Ahh, summer. The time of year when the weather is consistently warm and sunny enough for sandals and shorts – for the most part, at least – and the kids are out of school for a few weeks. It’s also the time of year when most people consider jetting off to a cool new country or tropical beach resort.
But if your finances aren’t in great shape, an extravagant vacation can set you back quite a bit. A 2012 summer vacation survey found the average North American vacation with lodging and meals cost $244 per day for two people. Add some kids and airfare in the mix, and a 10-day vacation to a destination like Honolulu could easily top $10,000 in 2017. Yikes.
Thankfully, staycations can be a just-as-good alternative for summer fun while saving you some dough.
What’s a staycation?
Staycations refer to a stay-at-home vacation. Sometimes it’s also called a ‘holi-stay.’ Staycations became popular during times of financial uncertainty as families began to say “no thanks” to expensive vacations.
A staycation is still helpful today if you want to keep tabs on your spending while planning for the summer. You save money by spending time at local or nearby locations, instead of traveling to more distant (and expensive) destinations like Mexico or Europe.
Is a staycation the right choice for me?
There are a few factors to consider when deciding whether to jet off or keep it local.
Time & Money. If you don’t have a week+ to take off for a vacation, a two or three day staycation could be just what the doctor ordered. You’re not going far, after all. You also need to consider money, too. Based on your financial situation, a staycation could be a safer (read: wallet-friendly) bet. You can allocate the money you’d save towards other important financial goals.
Your Staycation Teammates. If you’re traveling with kids, explain the reasons why you’re choosing to stick close to home in a positive way, rather than positioning it as a second choice. Letting them have a say in the activities will make things a lot of fun for everyone. Just not all of the activities. Take time for yourself too – hello, at-home spa day.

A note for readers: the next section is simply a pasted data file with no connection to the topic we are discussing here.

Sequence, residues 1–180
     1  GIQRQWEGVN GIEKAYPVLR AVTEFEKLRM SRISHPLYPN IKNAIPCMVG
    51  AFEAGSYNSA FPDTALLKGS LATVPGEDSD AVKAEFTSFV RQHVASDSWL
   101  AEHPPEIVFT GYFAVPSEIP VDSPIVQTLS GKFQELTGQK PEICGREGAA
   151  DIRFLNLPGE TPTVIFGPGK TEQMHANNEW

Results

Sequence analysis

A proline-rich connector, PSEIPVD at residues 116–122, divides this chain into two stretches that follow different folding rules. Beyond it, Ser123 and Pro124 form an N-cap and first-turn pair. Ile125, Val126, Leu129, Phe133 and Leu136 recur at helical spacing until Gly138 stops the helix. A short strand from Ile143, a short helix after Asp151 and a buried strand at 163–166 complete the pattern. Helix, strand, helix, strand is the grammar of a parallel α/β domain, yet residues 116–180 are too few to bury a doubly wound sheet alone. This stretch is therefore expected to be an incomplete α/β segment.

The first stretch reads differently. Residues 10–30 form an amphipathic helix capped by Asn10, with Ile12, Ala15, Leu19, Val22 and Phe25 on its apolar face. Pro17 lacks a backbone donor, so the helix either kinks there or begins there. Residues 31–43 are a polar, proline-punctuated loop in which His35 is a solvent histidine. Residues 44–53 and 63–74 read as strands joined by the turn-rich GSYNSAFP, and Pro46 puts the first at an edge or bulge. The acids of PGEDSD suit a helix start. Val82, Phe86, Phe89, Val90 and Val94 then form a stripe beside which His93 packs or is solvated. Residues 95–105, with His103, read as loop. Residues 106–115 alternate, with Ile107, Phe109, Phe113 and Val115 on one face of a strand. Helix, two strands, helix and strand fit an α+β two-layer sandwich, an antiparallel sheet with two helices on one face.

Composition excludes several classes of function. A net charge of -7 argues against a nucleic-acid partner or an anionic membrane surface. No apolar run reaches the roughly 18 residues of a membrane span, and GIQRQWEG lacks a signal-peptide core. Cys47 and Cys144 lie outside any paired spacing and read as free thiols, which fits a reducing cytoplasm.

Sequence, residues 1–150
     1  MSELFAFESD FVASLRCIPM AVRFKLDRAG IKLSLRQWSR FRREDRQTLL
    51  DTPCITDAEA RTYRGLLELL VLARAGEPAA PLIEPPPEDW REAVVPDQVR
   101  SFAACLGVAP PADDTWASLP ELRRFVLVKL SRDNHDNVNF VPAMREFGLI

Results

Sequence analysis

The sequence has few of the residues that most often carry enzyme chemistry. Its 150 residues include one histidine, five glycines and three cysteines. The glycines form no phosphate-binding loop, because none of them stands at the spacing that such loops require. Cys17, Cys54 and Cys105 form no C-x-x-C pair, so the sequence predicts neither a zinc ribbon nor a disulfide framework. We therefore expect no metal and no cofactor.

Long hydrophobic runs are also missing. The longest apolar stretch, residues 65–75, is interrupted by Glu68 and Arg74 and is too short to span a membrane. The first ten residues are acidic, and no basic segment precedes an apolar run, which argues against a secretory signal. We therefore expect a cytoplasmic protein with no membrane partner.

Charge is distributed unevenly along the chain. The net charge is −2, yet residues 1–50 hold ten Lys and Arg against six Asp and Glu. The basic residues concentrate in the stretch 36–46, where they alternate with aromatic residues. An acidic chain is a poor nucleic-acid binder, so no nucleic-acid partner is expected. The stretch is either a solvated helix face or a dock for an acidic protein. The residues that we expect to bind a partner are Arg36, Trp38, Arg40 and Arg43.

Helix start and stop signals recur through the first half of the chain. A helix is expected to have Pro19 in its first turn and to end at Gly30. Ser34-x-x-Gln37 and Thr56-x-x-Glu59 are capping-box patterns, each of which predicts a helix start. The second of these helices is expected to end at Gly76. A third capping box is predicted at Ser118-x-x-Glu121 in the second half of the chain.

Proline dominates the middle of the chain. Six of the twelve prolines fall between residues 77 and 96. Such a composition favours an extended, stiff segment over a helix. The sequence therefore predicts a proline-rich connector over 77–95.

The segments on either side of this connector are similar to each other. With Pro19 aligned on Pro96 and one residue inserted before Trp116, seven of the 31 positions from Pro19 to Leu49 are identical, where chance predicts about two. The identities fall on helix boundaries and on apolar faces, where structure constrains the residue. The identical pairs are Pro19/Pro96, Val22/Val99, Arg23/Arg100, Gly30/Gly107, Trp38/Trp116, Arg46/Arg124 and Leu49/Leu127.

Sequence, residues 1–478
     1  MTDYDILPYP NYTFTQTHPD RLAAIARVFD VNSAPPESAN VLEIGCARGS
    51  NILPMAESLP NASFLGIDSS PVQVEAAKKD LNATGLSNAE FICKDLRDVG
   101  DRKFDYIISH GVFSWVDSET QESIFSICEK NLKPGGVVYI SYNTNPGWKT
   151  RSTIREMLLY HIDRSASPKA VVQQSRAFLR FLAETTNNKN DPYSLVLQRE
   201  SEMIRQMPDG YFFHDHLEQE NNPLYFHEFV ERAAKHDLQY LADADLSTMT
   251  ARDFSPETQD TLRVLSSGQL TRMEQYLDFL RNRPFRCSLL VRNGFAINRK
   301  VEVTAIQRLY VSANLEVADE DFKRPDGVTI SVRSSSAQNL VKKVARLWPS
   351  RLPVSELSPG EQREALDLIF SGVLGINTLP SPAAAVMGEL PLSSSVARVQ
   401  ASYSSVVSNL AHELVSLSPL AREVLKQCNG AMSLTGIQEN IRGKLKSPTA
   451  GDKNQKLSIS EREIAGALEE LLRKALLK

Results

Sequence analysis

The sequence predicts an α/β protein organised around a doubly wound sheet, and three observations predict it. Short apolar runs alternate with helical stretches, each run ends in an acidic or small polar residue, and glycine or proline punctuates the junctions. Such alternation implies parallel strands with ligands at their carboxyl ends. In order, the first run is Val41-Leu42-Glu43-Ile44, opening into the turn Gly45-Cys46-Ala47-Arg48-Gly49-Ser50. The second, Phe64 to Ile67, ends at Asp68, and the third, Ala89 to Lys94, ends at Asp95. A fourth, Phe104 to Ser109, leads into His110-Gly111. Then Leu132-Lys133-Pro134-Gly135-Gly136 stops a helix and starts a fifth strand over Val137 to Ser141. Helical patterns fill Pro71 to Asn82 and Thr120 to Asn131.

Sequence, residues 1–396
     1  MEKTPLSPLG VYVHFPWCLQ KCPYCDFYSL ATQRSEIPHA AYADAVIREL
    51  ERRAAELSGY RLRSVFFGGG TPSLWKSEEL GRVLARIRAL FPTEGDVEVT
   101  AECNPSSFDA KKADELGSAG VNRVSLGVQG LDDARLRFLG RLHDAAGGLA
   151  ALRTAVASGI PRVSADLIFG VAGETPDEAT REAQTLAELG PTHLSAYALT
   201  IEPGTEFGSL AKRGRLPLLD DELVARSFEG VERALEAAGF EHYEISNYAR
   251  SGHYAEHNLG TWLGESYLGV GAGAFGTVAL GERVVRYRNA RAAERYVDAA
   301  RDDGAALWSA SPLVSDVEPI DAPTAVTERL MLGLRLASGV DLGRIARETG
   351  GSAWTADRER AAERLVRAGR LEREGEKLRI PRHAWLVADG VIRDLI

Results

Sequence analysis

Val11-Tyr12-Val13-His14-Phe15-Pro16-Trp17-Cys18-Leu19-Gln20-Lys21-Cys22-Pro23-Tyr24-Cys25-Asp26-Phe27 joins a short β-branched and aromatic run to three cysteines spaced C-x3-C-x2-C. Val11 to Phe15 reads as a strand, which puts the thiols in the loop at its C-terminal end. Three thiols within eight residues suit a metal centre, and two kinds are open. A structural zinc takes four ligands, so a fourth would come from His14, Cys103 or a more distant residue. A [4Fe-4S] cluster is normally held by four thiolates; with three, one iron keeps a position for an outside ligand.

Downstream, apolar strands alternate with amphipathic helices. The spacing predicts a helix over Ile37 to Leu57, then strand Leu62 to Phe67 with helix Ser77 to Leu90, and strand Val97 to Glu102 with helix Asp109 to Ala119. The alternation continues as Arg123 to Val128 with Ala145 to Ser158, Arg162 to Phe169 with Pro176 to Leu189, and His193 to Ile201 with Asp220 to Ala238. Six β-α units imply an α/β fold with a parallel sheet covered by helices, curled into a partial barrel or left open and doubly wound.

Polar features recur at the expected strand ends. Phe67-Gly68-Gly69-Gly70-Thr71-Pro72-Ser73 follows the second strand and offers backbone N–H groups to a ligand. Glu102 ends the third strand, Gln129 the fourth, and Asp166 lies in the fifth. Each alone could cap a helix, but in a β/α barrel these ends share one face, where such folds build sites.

Plan, Plan, Plan
Consider setting a budget for your staycation. You may not be going very far, but you can still over-spend. Figure out how much you can afford, and do your best to stick to it.
There’s a ton of fun (and free) events happening all summer long. Chances are there’ll be an event or two in your area. We’ve put together a couple sweet lists of free summer events in Metro Vancouver and Vancouver Island to get you started.
Make Google your best friend. Hunt for money-saving opportunities like discounts, coupons, even free concerts. Your local newspaper will also have event listings, so be sure to check there too. Don’t forget to pack your own snacks and drinks to lower eating-out costs.
How to make your staycation feel like a vacation.
Stick to the rules. Set firm rules to ensure you get both the money-saving and recreational benefits of your well-earned time off. Set a start and end date, unplug office technology, get out of the house, and don’t fill the time with chores or errands (you’ve been warned).
Make memories. Head to places you’ve never been to make your staycation special and memorable. And don’t forget to document your time with a few photos or Instagram pictures. And if you’re feeling particularly crafty, print a few out and scrapbook your memories with the kids back at home.
Fit in a near-cation. Consider adding a ‘near-cation’ by spending one night away from home at an affordable near-by location. This could be a campground, B&B, or hotel. But make sure it fits your budget.
Some final tips.
Work ahead on your finances. If money challenges kept you from going on your annual Bermuda trip, take the time to plan ahead financially. This financial plan will also help you put aside the extra money you need for your travel plans next year.
Remember it’s all part of the plan. Paying for vacation and fun extra-curriculars are all part of your financial plan, which should consider a healthy balance of budgeting, debt reduction, reducing spending, and saving – including setting money aside for your next vacation. If you’re not sure where to begin when saving for the things that matter to you, we can help.